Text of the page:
Int J Inj Contr Saf Promot 2012 7;19(2):153-62. Epub 2011 Dec 7.
Department of Psychology and Communication Studies, University of Idaho, PO Box 443043, Moscow, ID 83844-3043, USA.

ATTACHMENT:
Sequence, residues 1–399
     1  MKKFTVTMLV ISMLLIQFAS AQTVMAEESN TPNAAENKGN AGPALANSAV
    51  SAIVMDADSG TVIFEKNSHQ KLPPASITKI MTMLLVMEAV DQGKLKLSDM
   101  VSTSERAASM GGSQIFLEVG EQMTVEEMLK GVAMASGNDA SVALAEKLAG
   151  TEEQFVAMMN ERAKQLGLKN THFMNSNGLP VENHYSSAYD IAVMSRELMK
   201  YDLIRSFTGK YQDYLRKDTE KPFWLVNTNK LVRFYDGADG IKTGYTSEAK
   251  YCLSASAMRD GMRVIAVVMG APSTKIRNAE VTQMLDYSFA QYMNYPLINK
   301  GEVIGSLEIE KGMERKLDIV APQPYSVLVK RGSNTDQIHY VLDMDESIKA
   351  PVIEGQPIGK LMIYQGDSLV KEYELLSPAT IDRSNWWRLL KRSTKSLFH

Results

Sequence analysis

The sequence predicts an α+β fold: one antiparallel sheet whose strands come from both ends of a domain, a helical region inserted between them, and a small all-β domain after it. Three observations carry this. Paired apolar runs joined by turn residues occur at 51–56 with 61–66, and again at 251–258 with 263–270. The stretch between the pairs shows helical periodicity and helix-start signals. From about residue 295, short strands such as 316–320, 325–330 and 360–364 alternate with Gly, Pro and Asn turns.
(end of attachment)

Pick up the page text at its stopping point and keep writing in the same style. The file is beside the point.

Pedestrian injuries are a significant health risk to children, particularly those 5-9 years of age. Surprisingly, few studies have explored parent-related factors that may moderate this risk. We examined parental supervision choices in the context of child pedestrian experience, parent perceptual factors and varying levels of environmental risk. A series of street crossing scenarios were used to examine the roles of child, parent and environmental factors in determining parents' supervision choices. Parents recognised differing levels of risk across environmental conditions and altered their supervision choices accordingly. Child age and parental risk perception were significantly predictive of supervision choices. Our results demonstrate that parents assess multiple factors when determining the intensity of supervision necessary for their children. Notably, parents adjust their supervision in direct relation to changes in the physical environment. Implications of these findings for injury prevention and future research are discussed.